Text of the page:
I have not watched ‘American Beauty’ in almost three years. I was on a boycott of all things Kevin Spacey (see DISCLAIMER above) for quite awhile after his “coming out” and I couldn’t stomach to listen or watch the man. I did the same thing with ‘House of Cards,’ but I eventually finished that series off late last year. I knew the movie would be on my list so I knew this day was eventually coming. And I was okay with it. I have learned to separate the actor with the movie. And I am thankful I came to that conclusion, because I absolutely adore this movie and it was so nice to revisit it again.

‘American Beauty’ is simply a gorgeous film. Beautifully directed by Sam Mendes, the story and characters are so wonderfully weird and yet so tragically real. I was easily sucked into the movie when I first watched it in 2000 and was easily sucked back into it today. I love the screenplay so much. The dialogue and words chosen in this movie are almost poetic and I find myself in awe, waiting for the next syllables to be spoken. This movie is pure cinematic art on every single level. It is truly a modern day classic.

‘American Beauty’ is a grand drama, although I do know many “haters” out there when it comes to the film. And I simply don’t get it. I never will. The movie comes very highly recommended. I get it if you now have an aversion to Mr. Spacey, trust me, I’ve been there. Despite him being pure evil (allegedly), give it a try. I promise you will fall in love with this unforgettable tale just like I did.

Awards: Academy Award for Best Picture (winner), Academy Award for Best Director, Sam Mendes (winner), Academy Award for Best Actor in a Leading Role, Kevin Spacey (winner), Academy Award for Best Writing, Screenplay Written Directly for the Screen, Alan Ball (winner), Academy Award for Best Cinematography, Conrad L. Hall (winner), Academy Award for Best Actress in a Leading Role, Annette Bening (nomination), Academy Award for Best Film Editing, Tariq Anwar, Christopher Greenbury (nomination), Academy Award for Best Music, Original Score, Thomas Newman (nomination), Golden Globe for Best Motion Picture – Drama (winner), Golden Globe for Best Director – Motion Picture, Sam Mendes (winner), Golden Globe for Best Screenplay – Motion Picture, Alan Ball (winner), Golden Globe for Best Performance by an Actress in a Motion Picture – Drama, Annette Bening (nomination), Golden Globe for Best Performance by an Actor in a Motion Picture – Drama, Kevin Spacey (nomination), Golden Globe for Best Original Score – Motion Picture, Thomas Newman (nomination), BAFTA Award for Best Film (winner), BAFTA Award for Best Performance by an Actress in a Leading Role, Annette Bening (winner), BAFTA Award for Best Performance by an Actor in a Leading Role, Kevin Spacey (winner), BAFTA Award for Best Cinematography, Conrad L. Hall (winner), BAFTA Award for Best Editing, Tariq Anwar, Christopher Greenbury (winner), BAFTA Award for Best Music, Thomas Newman (winner), BAFTA Award for Best Direction, Sam Mendes (nomination), BAFTA Award for Best Screenplay – Original, Alan Ball (nomination), BAFTA Award for Best Performance by an Actress in a Supporting Role, Thora Birch (nomination), BAFTA Award for Best Performance by an Actress in a Supporting Role, Mena Suvari (nomination), BAFTA Award for Best Performance by an Actor in a Supporting Role, Wes Bentley (nomination), BAFTA Award for Best Production Design, Naomi Shohan (nomination), BAFTA Award for Best Sound, Scott Martin Gershin, Scott Millan, Bob Beemer, Richard Van Duke (nomination), BAFTA Award for Best Make Up/Hair, Tania McComas, Carol A. O’Connell (nomination), Screen Actors Guild Award for Outstanding Performance by a Cast in a Theatrical Motion Picture (winner), Screen Actors Guild Award for Outstanding Performance by a Male Actor in a Leading Role, Kevin Spacey (winner), Screen Actors Guild Award for Outstanding Performance by a Female Actor in a Leading Role, Annette Bening (winner), Screen Actors Guild Award for Outstanding Performance by a Male Actor in a Supporting Role, Chris Cooper (nomination), Directors Guild of America, Sam Mendes (winner), Los Angeles Film Critics Association Award for Best Director, Sam Mendes (winner), Los Angeles Film Critics Association Award for Best Picture (nomination), Los Angeles Film Critics Association Award for Best Cinematography, Conrad L. Hall (nomination), Los Angeles Film Critics Association Award for Best Screenplay, Alan Ball (nomination), National Board of Review Award for Best Film (winner), National Board of Review Award for Top Ten Films (winner), National Board of Review for Breakthrough Performance – Male, Wes Bentley (winner), New York Film Critics Circle Award for Best Film (nomination), New York Film Critics Association Award for Best First Film, Sam Mendes (nomination), PGA Award for Outstanding Producer of Theatrical Motion Pictures, Bruce Cohen, Dan Jinks (winner), Writers Guild of America Award for Best Screenplay Written Directly for the Screen, Alan Ball (winner).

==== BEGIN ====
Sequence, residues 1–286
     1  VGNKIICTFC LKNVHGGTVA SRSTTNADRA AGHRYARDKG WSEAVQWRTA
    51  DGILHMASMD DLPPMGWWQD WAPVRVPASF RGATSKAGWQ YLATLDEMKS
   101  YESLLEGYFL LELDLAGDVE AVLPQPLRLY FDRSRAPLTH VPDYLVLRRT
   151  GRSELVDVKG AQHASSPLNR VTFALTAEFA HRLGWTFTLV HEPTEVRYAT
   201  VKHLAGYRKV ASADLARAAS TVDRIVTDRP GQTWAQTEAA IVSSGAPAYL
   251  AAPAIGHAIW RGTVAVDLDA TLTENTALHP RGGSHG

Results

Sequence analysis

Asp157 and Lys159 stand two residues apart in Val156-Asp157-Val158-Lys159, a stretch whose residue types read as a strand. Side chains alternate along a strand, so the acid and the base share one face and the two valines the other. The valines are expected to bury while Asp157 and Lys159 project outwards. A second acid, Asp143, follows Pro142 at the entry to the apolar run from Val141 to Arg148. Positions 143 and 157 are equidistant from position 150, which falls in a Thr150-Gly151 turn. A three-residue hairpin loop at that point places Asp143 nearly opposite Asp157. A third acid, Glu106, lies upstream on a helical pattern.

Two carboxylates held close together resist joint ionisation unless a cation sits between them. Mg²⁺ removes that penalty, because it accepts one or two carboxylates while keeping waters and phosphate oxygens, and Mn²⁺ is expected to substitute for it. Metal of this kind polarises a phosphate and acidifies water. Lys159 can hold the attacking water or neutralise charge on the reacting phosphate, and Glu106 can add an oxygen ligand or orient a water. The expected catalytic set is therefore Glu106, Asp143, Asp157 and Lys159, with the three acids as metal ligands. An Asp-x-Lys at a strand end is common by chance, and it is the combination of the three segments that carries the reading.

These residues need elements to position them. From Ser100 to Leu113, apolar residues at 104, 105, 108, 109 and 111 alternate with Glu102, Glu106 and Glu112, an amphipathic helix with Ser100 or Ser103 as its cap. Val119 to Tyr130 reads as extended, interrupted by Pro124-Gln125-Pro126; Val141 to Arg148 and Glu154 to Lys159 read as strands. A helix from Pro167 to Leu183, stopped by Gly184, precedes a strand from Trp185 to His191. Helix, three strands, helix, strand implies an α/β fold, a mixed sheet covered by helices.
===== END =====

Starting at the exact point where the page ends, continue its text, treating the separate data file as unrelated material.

Ways to Watch: Hulu, HBO Max, Amazon Prime, YouTube, Google Play, Vudu, iTunes, DVD Availability.